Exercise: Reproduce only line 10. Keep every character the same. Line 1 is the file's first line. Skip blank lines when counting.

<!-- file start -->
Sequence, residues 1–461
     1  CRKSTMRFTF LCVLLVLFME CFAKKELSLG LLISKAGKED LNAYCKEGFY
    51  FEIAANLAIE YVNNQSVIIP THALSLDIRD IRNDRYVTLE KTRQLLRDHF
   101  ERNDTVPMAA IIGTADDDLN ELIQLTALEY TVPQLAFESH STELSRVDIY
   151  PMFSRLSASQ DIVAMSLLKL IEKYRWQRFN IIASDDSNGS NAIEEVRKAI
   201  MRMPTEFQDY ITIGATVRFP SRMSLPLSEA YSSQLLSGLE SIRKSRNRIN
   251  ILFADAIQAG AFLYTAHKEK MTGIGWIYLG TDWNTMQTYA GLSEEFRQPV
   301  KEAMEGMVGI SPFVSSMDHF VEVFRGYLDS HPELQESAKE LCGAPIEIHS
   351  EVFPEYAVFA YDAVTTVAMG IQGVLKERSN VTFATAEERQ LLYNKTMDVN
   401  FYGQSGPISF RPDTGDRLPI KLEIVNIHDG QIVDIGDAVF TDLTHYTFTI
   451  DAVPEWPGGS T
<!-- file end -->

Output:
   401  FYGQSGPISF RPDTGDRLPI KLEIVNIHDG QIVDIGDAVF TDLTHYTFTI